15. 15. Part 1: Build Tools "It just shows what can be done by taking a little trouble," said Eeyore. "Do you see, Pooh? Do you see, Piglet? Brains first and then Hard Work. Look at it! That's the way to build a house." —"A House is Built at Pooh Corner for Eeyore," The House at Pooh Corner, A. A. Milne Putting some thought and effort into planning your build process from the outset can pay off abundantly further on down the line, when the going gets tough and the pressure is on. This is where a well-designed build process and fine-tuned build tools show their worth. Like many things, in IT and elsewhere, build tools are primarily the fruit of human laziness. Compiling C or C++ (or Java, for that matter) from the command line is a terribly tedious affair. And, in the Unix world, where scripts abound, the next step was natural: why not write a script to do it for you? A basic shell script written to compile a few C source code files was probably the oldest ancestor of our modern Java build tools such as Ant and Maven. Shell scripts work fine for a small number of source code files, but this approach is difficult to scale to larger applications. This is where Make enters the scene. Make is the principal Unix build tool, and anyone familiar with linux or Unix will have come across it at some stage. A makefile (the name of the scripts run by Make) is basically a list of instructions used to compile your application. The idea is to automate the build process, by working out exactly what files need to be compiled, and in what order. You do this by defining dependency rules, which tell Make when it should compile a particular file, and how it should go about compiling it. A very simple makefile is shown here: # top-level rule to create the program. all: main # compiling the source code. main.o: main.c gcc -g -Wall -c main.c # linking the compiled files. main: main.o gcc -g main.o -o main # Remove generated files clean: /bin/rm -f main main.o This makefile will compile and link the C program contained in the main.c source code file. Real-world makefiles can get much bigger and more complicated than this, and Make does a lot more than what can be gleaned here. Indeed, Make is a powerful tool: it is used regularly to build very large and complex C and C++ applications, including the Linux kernal itself. It marks an important step in the history of automating the build process. Make, along with Unix/Linux, also helped to promote the idea of a portable build: you should be able to build an application from the source code on any machine. Of course, the use of libraries in Linux and Unix makes this a bit more complicated then that, but the idea is there. However, as we will see, nowadays there are build tools that are much better adapted to Java development: leave Make to the C and C++ programmers. The history of builds in Windows environments is slightly different. In the days of yore, when Turbo Pascal was king, you usually would write, compile, and build your application directly from within the IDE. This remained the tendency for a very long time—builds would be performed on an individual developer's machine from within his IDE. This approach is still used in many organizations. However, it is not a good idea for several reasons. A build process that relies on an IDE is likely to depend on how the IDE is installed. This in turn makes it dependent on the configuration of particular machines. If your build process depends on how a particular developer has configured his or her machine, you're in trouble. A good build process has a certain number of characteristics, for example: Builds should be portable. A new developer should be able to check out the source code of a project, and run a build, independent of the IDE. Builds should also be portable between operating systems. Nowadays, it is common to develop on one OS and to build on another. You should be able to run a build without human intervention. This is one of the underlying principles of Continuous Integration, which we look at in Part VIII of this book. A build that needs human intervention reveals a very fragile and vunerable build process. A build tool should federate a set of tools and processes into a single, coherent build process. Building a software application can involve many steps—compiling the code, of course—but also other steps such as downloading dependencies, running unit, integration and functional tests, performing automatic code audits, bundling the application into an executable package, possibly deploying the application into a test environment, and even generating technical documentation. As we will see throughout the rest of this book, the build tool is the underlying framework that ties all of these tools and processes together. In Java, there are two main build tools: Ant and Maven. These two products are radically different in their approach and in the way they are used. Both tools have staunch partisans and opponents, and the choice of build tools is a subject that tends to evoke a lot of passion amongst Page 3 of 106JPT-PART-1.html 5/23/2011file://C:Userssvelupula.EASIADMINAppDataLocalTemp~hhD406.htm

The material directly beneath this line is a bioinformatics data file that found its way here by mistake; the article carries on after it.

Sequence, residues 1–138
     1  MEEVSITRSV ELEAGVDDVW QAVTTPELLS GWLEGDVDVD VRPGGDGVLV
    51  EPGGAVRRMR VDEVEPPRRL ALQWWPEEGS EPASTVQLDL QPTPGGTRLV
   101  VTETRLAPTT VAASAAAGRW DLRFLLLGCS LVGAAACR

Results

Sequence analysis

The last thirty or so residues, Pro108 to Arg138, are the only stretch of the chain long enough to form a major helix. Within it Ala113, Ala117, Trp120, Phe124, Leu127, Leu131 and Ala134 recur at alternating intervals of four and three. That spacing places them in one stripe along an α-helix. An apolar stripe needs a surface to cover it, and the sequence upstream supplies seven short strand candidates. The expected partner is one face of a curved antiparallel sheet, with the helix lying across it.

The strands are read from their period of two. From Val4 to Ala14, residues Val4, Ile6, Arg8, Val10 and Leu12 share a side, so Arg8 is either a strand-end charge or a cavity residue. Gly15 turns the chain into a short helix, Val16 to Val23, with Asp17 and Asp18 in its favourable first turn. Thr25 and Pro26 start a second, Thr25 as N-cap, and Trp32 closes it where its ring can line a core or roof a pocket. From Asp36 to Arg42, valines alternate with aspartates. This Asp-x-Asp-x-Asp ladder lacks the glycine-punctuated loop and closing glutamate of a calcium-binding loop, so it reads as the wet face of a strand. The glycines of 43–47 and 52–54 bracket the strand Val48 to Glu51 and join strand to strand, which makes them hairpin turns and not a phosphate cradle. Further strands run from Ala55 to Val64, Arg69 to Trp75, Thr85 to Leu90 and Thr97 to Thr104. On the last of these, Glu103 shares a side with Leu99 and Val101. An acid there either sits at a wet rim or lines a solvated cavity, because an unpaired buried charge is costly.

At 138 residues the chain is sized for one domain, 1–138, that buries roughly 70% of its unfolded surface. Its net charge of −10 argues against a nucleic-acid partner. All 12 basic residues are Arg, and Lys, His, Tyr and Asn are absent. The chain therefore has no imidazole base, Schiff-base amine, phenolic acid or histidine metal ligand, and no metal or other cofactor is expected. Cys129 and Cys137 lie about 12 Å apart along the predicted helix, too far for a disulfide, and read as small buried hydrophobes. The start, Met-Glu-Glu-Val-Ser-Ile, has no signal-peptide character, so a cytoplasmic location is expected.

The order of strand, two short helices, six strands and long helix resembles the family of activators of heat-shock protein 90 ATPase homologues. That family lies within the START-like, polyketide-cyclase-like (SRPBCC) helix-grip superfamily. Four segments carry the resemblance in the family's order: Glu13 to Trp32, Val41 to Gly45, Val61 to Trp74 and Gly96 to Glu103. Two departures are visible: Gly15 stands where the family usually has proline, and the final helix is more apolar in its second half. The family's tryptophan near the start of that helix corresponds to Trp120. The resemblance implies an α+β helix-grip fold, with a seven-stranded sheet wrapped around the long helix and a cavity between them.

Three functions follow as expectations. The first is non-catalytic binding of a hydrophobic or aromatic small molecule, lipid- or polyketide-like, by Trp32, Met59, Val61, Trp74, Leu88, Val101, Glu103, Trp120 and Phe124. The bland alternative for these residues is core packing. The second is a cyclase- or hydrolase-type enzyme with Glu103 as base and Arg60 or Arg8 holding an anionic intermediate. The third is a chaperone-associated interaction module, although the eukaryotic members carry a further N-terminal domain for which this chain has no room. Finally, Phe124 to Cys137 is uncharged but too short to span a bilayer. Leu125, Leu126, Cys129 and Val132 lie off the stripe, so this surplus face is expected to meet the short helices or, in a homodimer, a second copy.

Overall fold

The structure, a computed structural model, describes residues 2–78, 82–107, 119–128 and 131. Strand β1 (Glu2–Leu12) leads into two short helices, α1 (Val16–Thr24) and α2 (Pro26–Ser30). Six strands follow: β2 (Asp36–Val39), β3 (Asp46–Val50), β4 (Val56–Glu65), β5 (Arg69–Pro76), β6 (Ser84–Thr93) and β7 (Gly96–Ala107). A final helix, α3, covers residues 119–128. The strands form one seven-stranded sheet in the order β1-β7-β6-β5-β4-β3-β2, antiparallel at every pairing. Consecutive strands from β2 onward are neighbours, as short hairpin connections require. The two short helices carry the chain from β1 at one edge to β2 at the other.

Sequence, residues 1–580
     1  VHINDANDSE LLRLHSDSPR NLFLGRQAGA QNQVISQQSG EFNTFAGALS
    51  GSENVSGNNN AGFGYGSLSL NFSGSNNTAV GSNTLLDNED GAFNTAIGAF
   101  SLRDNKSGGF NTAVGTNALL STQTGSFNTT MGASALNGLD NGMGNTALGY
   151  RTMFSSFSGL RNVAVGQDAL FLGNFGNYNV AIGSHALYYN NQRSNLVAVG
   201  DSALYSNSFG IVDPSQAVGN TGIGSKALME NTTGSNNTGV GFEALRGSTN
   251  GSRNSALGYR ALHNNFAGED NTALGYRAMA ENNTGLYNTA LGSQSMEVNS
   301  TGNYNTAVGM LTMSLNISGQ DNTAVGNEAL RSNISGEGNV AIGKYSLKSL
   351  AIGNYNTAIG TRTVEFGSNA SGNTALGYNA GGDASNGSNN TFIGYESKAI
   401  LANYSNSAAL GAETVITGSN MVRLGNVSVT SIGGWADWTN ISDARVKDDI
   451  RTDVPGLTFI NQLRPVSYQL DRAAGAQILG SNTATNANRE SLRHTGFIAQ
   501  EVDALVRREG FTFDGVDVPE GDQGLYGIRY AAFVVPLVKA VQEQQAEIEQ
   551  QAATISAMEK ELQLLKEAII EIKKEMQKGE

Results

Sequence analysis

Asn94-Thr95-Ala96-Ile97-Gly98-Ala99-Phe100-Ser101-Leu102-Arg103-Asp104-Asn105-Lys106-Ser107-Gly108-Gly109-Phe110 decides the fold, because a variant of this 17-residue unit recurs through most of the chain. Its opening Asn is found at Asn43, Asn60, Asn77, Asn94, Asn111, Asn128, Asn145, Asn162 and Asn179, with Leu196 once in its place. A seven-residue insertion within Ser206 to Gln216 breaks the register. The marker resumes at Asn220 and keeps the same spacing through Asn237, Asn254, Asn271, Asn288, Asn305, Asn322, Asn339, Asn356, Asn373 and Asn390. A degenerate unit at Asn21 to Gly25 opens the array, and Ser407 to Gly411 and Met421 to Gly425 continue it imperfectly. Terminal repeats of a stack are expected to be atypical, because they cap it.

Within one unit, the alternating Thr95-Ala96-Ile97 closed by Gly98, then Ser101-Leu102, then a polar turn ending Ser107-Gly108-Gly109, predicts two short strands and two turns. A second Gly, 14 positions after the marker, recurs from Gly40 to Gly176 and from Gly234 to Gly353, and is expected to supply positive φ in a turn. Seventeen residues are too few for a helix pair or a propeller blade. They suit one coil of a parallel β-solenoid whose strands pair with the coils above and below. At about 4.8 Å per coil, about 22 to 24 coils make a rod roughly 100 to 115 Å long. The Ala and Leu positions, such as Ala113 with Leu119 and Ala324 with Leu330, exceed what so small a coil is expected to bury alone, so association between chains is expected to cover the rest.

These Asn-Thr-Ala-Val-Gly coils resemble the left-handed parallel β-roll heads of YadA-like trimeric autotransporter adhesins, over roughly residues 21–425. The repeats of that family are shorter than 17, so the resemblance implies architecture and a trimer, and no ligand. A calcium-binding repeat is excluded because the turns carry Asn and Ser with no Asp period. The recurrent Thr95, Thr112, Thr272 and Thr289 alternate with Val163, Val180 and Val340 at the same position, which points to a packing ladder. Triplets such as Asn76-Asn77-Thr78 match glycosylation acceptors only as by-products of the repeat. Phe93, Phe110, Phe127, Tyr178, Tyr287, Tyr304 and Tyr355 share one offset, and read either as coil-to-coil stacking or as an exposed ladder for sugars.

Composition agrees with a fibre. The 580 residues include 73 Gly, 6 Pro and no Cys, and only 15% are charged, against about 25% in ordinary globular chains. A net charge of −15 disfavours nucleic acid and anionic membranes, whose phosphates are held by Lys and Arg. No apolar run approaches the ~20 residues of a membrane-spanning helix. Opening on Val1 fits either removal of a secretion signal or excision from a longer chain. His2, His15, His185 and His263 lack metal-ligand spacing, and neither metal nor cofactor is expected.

16. 16. Java developers. However, both are worthy of interest, and we will try to look at both with the diligence that they deserve. Ant is a well-known and widely used build scripting tool based on a procedural, task-driven approach that gives you a very high degree of flexibiliy. Build scripts are written in XML, rather than the somewhat fickle syntax found in Make files. Ant comes with a rich set of built-in tasks, allowing you to automate virtually any part of the software development lifecycle, from compilation and unit tests to deployment over the network and notifications to team members by email. Maven takes a higher-level, declarative approach, favoring convention over configuration, and relying on standards and conventions to take much of the grunt work out of the build process. Like Ant, Maven uses XML for its scripting language. However, rather than describing the steps required to build your project, a Maven script describes the project itself, in a very declarative manner. Maven provides built-in support for declarative dependency management, and is a powerful means of organizing your internal and external dependencies. Maven also benefits from a rich library of plug-ins that you can use to integrate extra features into your build process. And, if there isn't a plug-in, you can always use an embedded Ant script, or even write your own plug-in! Which build tool is best for you? Build tools are subjective things, and your choice may be as influenced as much by your own personal background and experience as by technical matters. Personally, I would recommend Maven for any new project, even for small ones. Despite the higher initial learning curve, Maven actively encourages better programming habits and compliance to best practices, whereas Ant really leaves these matters to your own personal judgment and better nature. I find that Maven pays off in the long term with a more consistent, well-structured project organization. On the other hand, I wouldn't rush off and convert my 10,000 lines of Ant build script to Maven without a good business justification. Such justifications do exist, but they need considered thought. As a rule, the bigger the Ant file, the more work will be involved migrating the project into a Maven structure. Ant is also a good choice if you really do need to do things a little "out-of-the box"—for instance, if you are writing a build script that doesn't really involve the classic build structure. There's no point trying to fit a round peg into a square hole, so to speak. In the following chapters, we will look at both of these tools in some detail. In addition, throughout the rest of the book, you will find many examples of how to integrate the other tools that we discuss with Ant and Maven. Chapter 1. Setting Up a Project Using Ant Ant in the Build Process Installing Ant A Gentle Introduction to Ant Compiling Your Java Code in Ant Customizing Your Build Script Using Properties Running Unit Tests in Ant Generating Documentation with Javadoc Packaging Your Application Deploying Your Application Bootstrapping Your Build Scripts Using Maven Dependencies in Ant with the Maven Tasks Using Ant in Eclipse Using Ant in NetBeans Manipulating XML with XMLTask Conclusion 1.1. Ant in the Build Process Ant is a popular and widely used open source build tool, written in Java. Indeed, it is probably the most widely used build tool in the Java world. It is supported by virtually all modern IDEs, and (being a Java application) runs on almost any Java-friendly platform. In a nutshell, Ant helps you transform the source code, libraries, and other files that make up your project into a deliverable software package. And, more importantly, it helps you do this in an orderly, repeatable manner. If you design your build script well, you can also ensure that it will behave the same way on any machine. This leads the way to automatic builds, which can be run on a remote machine with little or no human intervention. In Part 3, we discuss how to use Continuous Integration tools to take this process even further. Ant is a highly flexible tool—you can make it do pretty much anything you want. However, this flexibility can come at a cost of complexity. Good Ant Page 4 of 106JPT-PART-1.html 5/23/2011file://C:Userssvelupula.EASIADMINAppDataLocalTemp~hhD406.htm